An island in the southern Dalmatian archi-pel-ago,
south of the Peljesac Peninsula, separated from it by the Mljet
channel; area 100.4 sq km; population 1,237. The relief is characterized
by ranges of limestone elevations and numerous karst valleys and
fields (Polacno, Ivanovo, Blatsko, Kneze Polje). South of the highest
crest (Veli Grad, 514 m) is the largest field zone (Babino Polje).
In the extreme north-western part of the island is the submerged
valley of Mljet Lakes: Malo and Veliko (Small and Big). Small Lake
(area 24 hectares, depth up to 29.5 m) is connected with a 30-m
long canal with Big Lake. Big Lake (area 145 hectares, depth up
to 46 m) is connected with the open sea by a shallow, 30-m long
canal called Soline. A powerful sea current occurs in both channels,
which changes its direction every six hours due to ebb and flow.
In the Middle Ages, the change of direction of the sea current was
used for water mills. In the interior of the island are -another
four small, submerged karst valleys, called "blatine"
or "slatine" (eel fishing grounds). Larger coves are Luka,
Polaca, Tatinica, Sobra, Luka Prozura, Okuklje, Saplunara; along
the coast are numerous islets.
The climate is Mediterranean; an average air temperature in January
is 8.7 °C and in July 24 °C; the average annual rainfall
is 1,000-1,500 mm; the annual insolation is 2,580 hours. Forests
account for 72 % of the total island area; nice pine forests are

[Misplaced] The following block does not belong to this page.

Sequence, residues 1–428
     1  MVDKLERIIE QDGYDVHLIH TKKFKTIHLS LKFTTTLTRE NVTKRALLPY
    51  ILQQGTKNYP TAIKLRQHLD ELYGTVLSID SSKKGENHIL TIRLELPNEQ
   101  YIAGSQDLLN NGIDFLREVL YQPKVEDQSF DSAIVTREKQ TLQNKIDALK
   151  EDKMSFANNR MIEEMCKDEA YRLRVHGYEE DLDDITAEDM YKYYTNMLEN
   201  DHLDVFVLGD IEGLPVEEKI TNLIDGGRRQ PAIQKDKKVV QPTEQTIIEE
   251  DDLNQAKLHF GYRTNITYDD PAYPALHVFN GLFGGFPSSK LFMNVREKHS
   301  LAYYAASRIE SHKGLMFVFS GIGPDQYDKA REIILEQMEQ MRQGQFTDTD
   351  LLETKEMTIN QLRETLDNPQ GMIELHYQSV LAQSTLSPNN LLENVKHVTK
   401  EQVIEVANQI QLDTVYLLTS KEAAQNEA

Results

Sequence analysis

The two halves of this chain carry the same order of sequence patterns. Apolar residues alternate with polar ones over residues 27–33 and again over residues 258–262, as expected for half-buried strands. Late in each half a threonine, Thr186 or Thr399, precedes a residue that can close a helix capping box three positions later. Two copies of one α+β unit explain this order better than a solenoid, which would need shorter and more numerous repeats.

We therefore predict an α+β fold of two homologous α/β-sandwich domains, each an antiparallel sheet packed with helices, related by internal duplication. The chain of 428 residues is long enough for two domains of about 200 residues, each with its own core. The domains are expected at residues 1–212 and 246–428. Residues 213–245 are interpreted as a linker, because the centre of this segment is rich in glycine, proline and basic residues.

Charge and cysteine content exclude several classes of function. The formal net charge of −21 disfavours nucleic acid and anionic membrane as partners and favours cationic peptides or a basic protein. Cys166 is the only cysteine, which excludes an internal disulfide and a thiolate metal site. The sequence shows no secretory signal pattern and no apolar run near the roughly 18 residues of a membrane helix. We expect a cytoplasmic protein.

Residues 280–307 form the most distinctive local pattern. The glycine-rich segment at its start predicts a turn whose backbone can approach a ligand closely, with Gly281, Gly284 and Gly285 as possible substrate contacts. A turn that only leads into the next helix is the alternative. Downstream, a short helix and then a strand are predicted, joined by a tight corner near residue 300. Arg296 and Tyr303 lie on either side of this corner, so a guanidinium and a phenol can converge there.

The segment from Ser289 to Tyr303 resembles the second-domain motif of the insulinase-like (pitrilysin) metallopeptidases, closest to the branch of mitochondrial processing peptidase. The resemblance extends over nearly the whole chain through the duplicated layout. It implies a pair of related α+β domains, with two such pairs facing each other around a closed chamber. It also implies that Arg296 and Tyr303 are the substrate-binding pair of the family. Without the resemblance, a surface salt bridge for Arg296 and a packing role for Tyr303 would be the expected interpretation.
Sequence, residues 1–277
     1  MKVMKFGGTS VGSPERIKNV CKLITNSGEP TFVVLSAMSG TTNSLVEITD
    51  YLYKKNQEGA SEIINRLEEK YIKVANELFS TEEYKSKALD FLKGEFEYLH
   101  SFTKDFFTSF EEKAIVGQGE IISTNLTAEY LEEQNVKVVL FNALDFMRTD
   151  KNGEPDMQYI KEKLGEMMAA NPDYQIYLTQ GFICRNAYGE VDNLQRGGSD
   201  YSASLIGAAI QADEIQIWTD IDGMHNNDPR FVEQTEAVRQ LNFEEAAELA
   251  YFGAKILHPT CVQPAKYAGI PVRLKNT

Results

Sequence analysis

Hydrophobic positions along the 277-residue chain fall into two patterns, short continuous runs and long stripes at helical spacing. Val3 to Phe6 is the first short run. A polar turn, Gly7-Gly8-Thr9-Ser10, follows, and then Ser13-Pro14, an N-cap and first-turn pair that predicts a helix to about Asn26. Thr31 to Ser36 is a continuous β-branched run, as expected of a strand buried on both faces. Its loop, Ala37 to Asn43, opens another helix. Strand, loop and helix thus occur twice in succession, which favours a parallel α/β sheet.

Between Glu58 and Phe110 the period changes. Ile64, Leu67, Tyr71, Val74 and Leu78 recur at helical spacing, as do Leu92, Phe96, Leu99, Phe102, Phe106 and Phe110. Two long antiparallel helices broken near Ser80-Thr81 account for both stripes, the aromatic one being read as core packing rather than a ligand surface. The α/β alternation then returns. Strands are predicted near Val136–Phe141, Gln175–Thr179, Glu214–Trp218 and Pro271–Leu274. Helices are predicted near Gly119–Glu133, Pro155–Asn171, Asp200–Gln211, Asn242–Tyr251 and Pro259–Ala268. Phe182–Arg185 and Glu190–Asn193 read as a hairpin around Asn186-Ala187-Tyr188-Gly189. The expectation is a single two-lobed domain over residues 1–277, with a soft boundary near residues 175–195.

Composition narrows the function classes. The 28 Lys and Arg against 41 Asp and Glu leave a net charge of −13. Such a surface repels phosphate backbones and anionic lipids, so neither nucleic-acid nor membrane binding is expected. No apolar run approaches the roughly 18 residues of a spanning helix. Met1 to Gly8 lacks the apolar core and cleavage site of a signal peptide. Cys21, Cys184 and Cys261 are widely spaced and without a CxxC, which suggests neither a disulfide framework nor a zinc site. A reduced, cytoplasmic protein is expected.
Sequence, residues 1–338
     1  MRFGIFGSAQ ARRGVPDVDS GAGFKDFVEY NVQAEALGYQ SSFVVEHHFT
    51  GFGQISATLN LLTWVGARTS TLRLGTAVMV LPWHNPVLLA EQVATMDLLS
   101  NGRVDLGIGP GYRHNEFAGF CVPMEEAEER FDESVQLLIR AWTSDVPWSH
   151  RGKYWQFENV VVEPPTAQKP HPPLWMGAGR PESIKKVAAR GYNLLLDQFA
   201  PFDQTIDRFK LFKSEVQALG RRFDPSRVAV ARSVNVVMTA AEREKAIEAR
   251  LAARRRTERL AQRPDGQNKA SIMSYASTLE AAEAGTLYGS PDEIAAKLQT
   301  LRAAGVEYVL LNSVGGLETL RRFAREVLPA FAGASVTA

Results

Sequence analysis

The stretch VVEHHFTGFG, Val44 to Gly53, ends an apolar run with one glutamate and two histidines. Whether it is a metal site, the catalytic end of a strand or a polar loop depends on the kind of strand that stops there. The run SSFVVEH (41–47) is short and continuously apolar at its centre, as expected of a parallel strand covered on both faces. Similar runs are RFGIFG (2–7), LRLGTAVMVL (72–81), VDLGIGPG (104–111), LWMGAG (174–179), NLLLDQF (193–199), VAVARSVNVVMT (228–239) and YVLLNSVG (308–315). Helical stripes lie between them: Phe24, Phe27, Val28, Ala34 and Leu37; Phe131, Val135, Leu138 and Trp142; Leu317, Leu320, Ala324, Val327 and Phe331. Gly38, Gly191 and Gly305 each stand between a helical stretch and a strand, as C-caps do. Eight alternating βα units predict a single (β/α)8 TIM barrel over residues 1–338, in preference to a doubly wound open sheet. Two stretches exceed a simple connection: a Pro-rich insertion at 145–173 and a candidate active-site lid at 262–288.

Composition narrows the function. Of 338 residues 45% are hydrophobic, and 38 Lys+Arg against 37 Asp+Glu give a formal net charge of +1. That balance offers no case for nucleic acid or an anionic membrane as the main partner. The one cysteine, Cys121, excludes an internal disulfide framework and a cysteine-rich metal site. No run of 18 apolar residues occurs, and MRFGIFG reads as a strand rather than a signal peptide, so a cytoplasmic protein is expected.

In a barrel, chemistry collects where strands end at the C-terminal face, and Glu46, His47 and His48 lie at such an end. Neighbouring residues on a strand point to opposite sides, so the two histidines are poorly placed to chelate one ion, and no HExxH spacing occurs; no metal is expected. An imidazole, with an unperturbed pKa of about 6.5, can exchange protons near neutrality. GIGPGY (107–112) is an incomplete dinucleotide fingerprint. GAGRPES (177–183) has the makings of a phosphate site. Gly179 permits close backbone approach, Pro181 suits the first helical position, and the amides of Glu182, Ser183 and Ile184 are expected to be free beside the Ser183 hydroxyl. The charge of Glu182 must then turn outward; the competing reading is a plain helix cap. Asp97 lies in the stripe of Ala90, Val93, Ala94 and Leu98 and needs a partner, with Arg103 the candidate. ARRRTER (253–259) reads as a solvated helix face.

best preserved on its north-western side. Major places (Babino Polje,
Prozura, Maranovici, Korita, Blato, Ropa, Govedari) lie in the interior,
along cultivated fields; the closest coves on the northern coast
are used as harbours. Economy is based on farming, viticulture,
production of wine, olive growing, cultivation of medicinal herbs,
fishing and tourism. The regional road runs throughout the island.
Mljet has ferry lines with Peljesac and Dubrovnik.
On the peak of Mali Gradac (close to Babine Kuce) are the remains
of an Illyrian fortification. The island was mentioned in Roman
times under the name Melite. The remains from that period may be
found all over the island - Pomena, Zare, Pinjevica. The ruins of
palaces and of an early Christian basilica in Polace date back from
the beginning of the early Middle Ages. Around 536-537 the island
became part of the Eastern Roman Empire. Later it fell under the
power of the Nerentani/Narentini and after that under the power
of Zahumlje. Small pre-Romanesque churches of St. Pancras, St. Andrew
and St. Michael in Babino Polje. In 1151, the grand prefect of Zahumlje,
Desa, bestowed the entire island upon the Benedictines (from the
abbey Pulsano at Monte Gargano in Apulia), who erected their abbey
and church on the islet in Big Lake. The Bosnian viceroy Stephen
gave the island of Mljet to the Dubrovnik Republic in 1333; from
that time the island was under the power of the duke who resided
in Babino Polje. In 1345 Mljet got its statutes. Several churches
were built in Gothic style (the parish church in Babino Polje, the
Holy Trinity in Prozura, St. Vitus in Korita - all of them dating
back to the 15th c.). The ruins of the church of St. Mary of the
Hill date back to the transitional period between Gothic and Renaissance
(above Maranovici). The profane architecture is represented by several
typical structures (Renaissance palace of the Mljet duke in Babino
Polje, several Baroque houses from the 17th-18th c. in Korita).
"Mirjana" - Luka Prozura, Island of Mljet
Soline-Mljet - Govedari, island Mljet